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Bitcoin inventor “Satoshi Nakamoto” reportedly owns as many as a million bitcoins and hasn’t spent a single one since the currency’s inception in 2009.
Little is known about “Satoshi Nakamoto,” the mysterious person—or people—who created Bitcoin, the world’s most popular digital currency.
But now we may have one more detail: Nakamoto reportedly owns as many as a million bitcoins and hasn’t spent a single one since the currency’s inception in 2009. At today’s exchange rate, that stash of bitcoins is worth $96 million.
Nakamoto’s supposed holdings are far beyond any previously reported Bitcoin fortune. Celebrity Bitcoin investors the Winklevoss twins (best known for their dispute with Mark Zuckerberg over the founding of Facebook) own a little more than 90,000 bitcoins. They told the New York Times last week that “they believe that some early users of the system probably have holdings that are at least as large.”
Journalists on the hunt for Nakamoto have made some educated guesses about the person or persons behind the pseudonym, but the inventor’s identity remains a mystery. So how is it possible to calculate Nakamoto’s fortune in a mostly anonymous crypto-currency?
Although Bitcoin users are anonymous in the sense that they aren’t identified by name, their activity is logged in a universal register of Bitcoin activity known as the blockchain. By analyzing public blockchain data, Bitcoin blogger Sergio Demian Lerner discovered someone who has been mining bitcoins—running the software that introduces new bitcoins into the system—since block 1.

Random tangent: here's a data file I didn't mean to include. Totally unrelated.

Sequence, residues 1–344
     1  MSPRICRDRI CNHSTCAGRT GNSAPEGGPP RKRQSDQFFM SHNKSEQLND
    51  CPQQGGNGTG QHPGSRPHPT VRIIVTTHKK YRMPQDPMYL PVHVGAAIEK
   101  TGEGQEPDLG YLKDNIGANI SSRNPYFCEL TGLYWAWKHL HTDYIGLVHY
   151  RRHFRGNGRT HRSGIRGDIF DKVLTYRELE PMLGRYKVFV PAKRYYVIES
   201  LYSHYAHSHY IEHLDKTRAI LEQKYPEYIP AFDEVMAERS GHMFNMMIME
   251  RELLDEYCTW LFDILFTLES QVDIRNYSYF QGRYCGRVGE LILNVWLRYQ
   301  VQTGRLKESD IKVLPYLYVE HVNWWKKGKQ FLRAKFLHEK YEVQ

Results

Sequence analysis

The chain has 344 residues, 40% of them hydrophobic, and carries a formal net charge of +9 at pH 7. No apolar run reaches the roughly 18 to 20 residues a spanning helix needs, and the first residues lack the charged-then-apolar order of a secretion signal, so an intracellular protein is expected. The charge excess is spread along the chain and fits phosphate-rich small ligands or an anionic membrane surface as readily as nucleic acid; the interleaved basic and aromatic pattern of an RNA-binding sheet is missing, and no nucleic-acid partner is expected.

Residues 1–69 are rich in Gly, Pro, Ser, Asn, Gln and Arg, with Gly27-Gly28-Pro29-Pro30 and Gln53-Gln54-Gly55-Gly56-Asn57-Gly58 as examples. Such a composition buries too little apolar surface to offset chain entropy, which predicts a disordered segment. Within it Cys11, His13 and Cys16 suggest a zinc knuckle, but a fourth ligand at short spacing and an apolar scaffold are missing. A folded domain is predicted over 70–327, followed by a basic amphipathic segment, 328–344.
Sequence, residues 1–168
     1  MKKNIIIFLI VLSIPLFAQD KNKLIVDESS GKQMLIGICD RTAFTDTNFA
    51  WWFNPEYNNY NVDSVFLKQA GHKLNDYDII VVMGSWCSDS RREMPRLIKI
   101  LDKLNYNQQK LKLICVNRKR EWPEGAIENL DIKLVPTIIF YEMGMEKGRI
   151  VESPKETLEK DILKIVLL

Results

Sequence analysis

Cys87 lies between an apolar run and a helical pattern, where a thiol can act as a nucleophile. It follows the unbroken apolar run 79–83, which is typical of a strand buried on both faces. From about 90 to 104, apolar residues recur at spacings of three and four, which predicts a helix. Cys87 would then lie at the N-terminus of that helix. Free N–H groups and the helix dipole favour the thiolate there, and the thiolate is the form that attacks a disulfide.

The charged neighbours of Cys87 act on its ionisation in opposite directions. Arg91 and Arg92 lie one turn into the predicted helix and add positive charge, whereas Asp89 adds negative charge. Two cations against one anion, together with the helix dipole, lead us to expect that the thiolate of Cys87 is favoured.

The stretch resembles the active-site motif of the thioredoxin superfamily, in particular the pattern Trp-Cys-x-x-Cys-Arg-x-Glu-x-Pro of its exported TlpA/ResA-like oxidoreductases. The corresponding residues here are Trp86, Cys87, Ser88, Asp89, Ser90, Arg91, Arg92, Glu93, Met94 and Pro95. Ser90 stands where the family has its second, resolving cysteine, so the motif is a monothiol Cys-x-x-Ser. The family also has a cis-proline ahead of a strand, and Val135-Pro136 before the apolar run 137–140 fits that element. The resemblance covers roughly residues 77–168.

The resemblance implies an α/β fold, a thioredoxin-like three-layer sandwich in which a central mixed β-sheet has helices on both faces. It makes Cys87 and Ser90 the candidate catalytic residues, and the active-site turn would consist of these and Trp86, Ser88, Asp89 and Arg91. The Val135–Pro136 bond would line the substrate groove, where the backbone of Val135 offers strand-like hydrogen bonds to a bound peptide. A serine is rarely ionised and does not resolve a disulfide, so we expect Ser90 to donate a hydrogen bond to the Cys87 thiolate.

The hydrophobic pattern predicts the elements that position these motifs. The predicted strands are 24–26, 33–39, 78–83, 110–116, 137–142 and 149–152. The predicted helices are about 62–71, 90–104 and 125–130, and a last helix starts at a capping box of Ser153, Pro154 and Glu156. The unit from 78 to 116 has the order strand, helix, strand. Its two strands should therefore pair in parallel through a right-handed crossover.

In other words, this early miner was involved in creating the very first bitcoins.
While it can’t be proven conclusively that the miner is Nakamoto, Lerner is convinced by the consistent mining patterns, which have stayed the same since Bitcoin’s first block.
And besides, he adds, “this entity is the only entity that has shown complete trust in Bitcoin, since it hasn’t [spent] any coins.”
As some commenters have pointed out, though, “trust” might not be the reason Nakamoto has refused to spend his fortune. It might just be basic economics.
Bitcoin is kept artificially scarce by software that regulates how much new currency can be introduced into the system. Right now, there are just over 11 million bitcoins in circulation—meaning a million-bitcoin fortune is nearly a tenth of the entire market.
The currency’s value plummeted from a high of $265 last week when panicked speculators cashed out in droves, dropping as low as $54 at one point. It’s not hard to imagine what would happen to the value of Nakamoto’s Bitcoin reserve—and the entire Bitcoin market—if he dumped even a small percentage of it.
Photo via Bitcoin Pride
Jay Hathaway is a former senior writer who specialized in internet memes and weird online culture. He previously served as the Daily Dot’s news editor, was a staff writer at Gawker, and edited the classic websites Urlesque and Download Squad. His work has also appeared on nymag.com, suicidegirls.com, and the Morning News.